Support emulation projects
There are several ways to support or contribute to an emulation project (or similar projects such as compatibility layers, game engine recreations, source ports or simulators). Explained here are different ways you can get involved, even if you have low technical skill and/or no money.
Note that almost all these methods require getting involved in some way. Offering to help in a specific area may not be necessary in some cases, so you'll have to check with each project you're interested in to determine what they're looking for and what they find useful.
- 1 Testing & bug reporting
- 2 Provide support for end users
- 3 Outreach & promotion
- 4 Archival & hardware donations
- 5 Help with technical documentation
- 6 Learn how to code and help out
- 7 Donate money
- 8 Big projects
Testing & bug reporting
One area you may be able to help in is reporting information, especially if you notice bugs in games that you play. This can be done a number of ways, but they all help the developer see where the emulator still has to improve.
A compatibility report communicates the emulation quality. It is aimed at other users, and often consists of a compatibility list.
Some emulators use GitHub for their lists. Most projects have instructions on how they should be written. Make sure you search to see if any issues you're having has already been encountered by another user. Note that sending users to GitHub is dangerous - you should only do it if the project has a simplified compatibility list which doesn't require technical understanding / writing; most projects actually use wikis or custom tools / websites for compatibility reporting. Some use spreadsheets and forms to get their data.
A bug report concerns one specific problem. It is aimed at emulator developers.
Because bug reports are meant for developers, they are expected to be more technical than a compatibility report. They're also typically expected to include details about specific situations when the problem arises, but also technical details as to why it happens. Developers also read compatibility reports and create respective bug reports themselves.
Sometimes you need a fair bit of experience in order to report bugs to the major projects. If you lack the experience to match what developers themselves report then most smaller projects are fine with it as long as you try to make it coherent and professional. Many projects have the program set up to automatically forward logs to developers at the user's discretion. This can avoid having to explain the problem, though sometimes they'll want context in case they need to reproduce it.
Generally you should chat to other developers / maintainers (via IRC or Discord) before creating a bug report. Often they are aware of issues and have grouped them under a known technical term.
Despite being aimed at developers, users should read / follow bug reports they care about.
Many emulators not only need games tested in the emulator, but also on real hardware, because games aren't perfect. If you've been involved with the speedrunning community, you know bugs exist, and can be taken advantage of to get a faster time. Determining what is a bug in the game and what is inaccurate emulation can prevent developers from wasting time on problems they didn't create. All projects encounter this at some point; even the testers behind Dolphin encounter bugs that happen on hardware. Ideally, you should have a capture card for recording footage from hardware.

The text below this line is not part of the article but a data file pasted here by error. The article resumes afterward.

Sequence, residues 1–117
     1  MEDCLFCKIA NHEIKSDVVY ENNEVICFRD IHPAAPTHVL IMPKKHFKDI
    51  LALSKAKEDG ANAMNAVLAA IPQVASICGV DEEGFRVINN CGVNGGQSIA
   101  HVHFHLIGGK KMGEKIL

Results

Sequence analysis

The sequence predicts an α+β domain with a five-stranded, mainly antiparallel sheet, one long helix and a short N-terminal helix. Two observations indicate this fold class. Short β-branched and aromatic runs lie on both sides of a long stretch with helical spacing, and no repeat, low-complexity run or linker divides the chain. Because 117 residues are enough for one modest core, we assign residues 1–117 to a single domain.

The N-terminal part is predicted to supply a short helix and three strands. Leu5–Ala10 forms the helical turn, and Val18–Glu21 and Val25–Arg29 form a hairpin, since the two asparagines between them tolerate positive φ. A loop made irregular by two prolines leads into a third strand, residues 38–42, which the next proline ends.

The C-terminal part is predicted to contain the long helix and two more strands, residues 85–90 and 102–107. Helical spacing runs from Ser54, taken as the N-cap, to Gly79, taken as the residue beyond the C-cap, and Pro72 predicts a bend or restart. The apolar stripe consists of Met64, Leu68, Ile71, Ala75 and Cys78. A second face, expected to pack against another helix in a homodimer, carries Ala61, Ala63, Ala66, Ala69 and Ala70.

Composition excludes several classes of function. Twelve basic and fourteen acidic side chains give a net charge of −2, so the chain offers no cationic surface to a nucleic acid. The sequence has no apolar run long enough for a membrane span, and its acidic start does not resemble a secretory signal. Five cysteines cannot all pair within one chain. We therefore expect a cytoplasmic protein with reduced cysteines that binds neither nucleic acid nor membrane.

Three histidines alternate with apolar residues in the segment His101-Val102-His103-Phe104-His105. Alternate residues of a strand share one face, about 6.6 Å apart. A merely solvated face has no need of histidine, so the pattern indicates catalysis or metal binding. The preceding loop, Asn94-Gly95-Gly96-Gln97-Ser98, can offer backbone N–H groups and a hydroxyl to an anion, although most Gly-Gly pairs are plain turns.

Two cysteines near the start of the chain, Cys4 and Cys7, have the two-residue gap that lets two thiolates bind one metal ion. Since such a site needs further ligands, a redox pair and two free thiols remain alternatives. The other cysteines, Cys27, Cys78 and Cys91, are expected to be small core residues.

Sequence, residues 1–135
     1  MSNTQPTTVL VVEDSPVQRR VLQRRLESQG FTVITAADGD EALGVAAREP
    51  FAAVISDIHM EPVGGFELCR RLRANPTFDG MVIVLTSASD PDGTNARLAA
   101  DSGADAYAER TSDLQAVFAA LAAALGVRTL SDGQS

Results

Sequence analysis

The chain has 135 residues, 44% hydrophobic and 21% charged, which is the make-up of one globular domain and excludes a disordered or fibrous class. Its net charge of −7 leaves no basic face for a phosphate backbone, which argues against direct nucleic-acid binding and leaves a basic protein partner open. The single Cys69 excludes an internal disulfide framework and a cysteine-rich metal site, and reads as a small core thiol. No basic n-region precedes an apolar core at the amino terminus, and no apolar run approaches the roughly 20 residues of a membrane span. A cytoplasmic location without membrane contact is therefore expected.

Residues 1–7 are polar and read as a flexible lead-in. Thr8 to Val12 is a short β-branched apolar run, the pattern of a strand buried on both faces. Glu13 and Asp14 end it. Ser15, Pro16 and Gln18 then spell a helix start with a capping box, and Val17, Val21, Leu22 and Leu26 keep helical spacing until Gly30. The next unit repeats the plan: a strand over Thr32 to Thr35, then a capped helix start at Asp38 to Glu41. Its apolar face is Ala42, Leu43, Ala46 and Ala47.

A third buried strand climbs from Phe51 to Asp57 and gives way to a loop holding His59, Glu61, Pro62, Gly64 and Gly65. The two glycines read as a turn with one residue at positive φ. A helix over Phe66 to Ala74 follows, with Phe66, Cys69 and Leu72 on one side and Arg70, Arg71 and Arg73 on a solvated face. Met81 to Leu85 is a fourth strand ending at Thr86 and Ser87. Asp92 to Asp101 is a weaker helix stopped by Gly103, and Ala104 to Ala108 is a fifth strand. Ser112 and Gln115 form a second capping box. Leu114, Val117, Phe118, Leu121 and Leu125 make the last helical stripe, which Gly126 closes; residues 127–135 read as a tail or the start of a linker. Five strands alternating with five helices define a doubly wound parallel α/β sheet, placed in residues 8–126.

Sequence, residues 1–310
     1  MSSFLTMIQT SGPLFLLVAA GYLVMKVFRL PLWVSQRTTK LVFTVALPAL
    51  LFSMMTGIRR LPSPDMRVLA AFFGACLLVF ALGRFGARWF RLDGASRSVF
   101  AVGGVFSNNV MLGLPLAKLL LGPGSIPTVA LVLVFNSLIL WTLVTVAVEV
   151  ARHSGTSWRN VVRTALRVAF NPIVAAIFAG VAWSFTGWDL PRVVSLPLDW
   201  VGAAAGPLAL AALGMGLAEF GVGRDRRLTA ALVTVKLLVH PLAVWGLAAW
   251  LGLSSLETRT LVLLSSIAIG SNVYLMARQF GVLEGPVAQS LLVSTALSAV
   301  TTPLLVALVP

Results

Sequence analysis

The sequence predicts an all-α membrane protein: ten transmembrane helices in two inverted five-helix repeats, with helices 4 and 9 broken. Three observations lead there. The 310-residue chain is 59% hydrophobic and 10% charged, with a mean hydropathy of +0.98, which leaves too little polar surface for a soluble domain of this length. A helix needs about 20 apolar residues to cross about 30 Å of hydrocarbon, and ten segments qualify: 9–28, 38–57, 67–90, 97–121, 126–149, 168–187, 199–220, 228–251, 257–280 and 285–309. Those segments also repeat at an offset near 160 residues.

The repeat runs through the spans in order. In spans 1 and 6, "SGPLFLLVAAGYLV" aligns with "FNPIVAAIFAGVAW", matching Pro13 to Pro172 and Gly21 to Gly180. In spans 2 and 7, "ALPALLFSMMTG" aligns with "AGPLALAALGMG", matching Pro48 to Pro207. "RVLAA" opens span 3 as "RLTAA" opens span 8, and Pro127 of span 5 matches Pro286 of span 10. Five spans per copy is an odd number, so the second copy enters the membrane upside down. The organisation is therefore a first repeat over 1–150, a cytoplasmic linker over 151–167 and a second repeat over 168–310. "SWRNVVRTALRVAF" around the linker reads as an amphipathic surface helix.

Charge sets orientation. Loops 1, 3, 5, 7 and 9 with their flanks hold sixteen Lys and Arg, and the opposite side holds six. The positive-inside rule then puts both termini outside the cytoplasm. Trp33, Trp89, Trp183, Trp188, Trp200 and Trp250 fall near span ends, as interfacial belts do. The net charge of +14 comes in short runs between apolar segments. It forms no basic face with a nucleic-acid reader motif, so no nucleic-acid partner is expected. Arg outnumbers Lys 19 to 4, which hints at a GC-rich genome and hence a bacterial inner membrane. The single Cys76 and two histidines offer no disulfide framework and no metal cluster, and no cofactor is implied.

During the research and documentation phase, some developers will also write small programs to test hardware behavior. In some cases the developers don't have access to the physical hardware or they need to confirm results by having multiple users run the tests. This can also be done in cases where the code doesn't work on all hardware revisions, and the developer needs to test it on all revisions to understand where each model has deficiencies; sometimes they don't have all models, but the more accuracy-focused projects will have this covered in some way. Hackers and those in the homebrew scene may have documented these deficiencies already. You can follow developer chat-rooms, and offer assistance by running tests and collecting data from real hardware.
Provide support for end users
Helping and guiding other users through problems is one of the pillars of open communities. If there's one thing a developer doesn't want to have to do alone, it's troubleshoot problems that end users get themselves into. Providing support for end-users will allow developers to focus on the software they make, creating a filter that allows actual bugs to be reported and saving time in the process. You also need a slight sense of confidence to make decisions for the user. For most people who work in IT (or just Google their problems), this comes naturally.
Support can be provided on a Discord server, IRC server, or a project's forums.
Outreach & promotion
Outreach and promotion is an important factor in the success of an emulator because it gets people talking about it, especially emulators for newer consoles that make strides in their efforts regularly.
This can be done by writing official blog posts, posting news on social media, providing information, making videos for YouTube, explaining and summarizing change logs, etc.
Archival & hardware donations
Optical discs like CD and DVDs have a limited lifespan. They degrade over time and will eventually be unreadable to a disc reader. Projects like Redump are focused on identifying all officially released discs. Each known disc is stored with information which makes it possible for users to verify the correctness of their disc. Contributing to these databases (by dumping your discs and contributing metadata) helps to build a full-set for testing emulators. It also encourages users to make legal backups of their discs before they break.
Game databases like MobyGames can be used to find additional information for each game. Launchers can use the uploaded descriptions and cover artwork. You can contribute by scanning your game artwork, finding and adding game information (such as release dates). MobyGames also stores barcodes and serial numbers which can be used to find releases in Redump's database. You can look at the existing cover artwork and extract such information.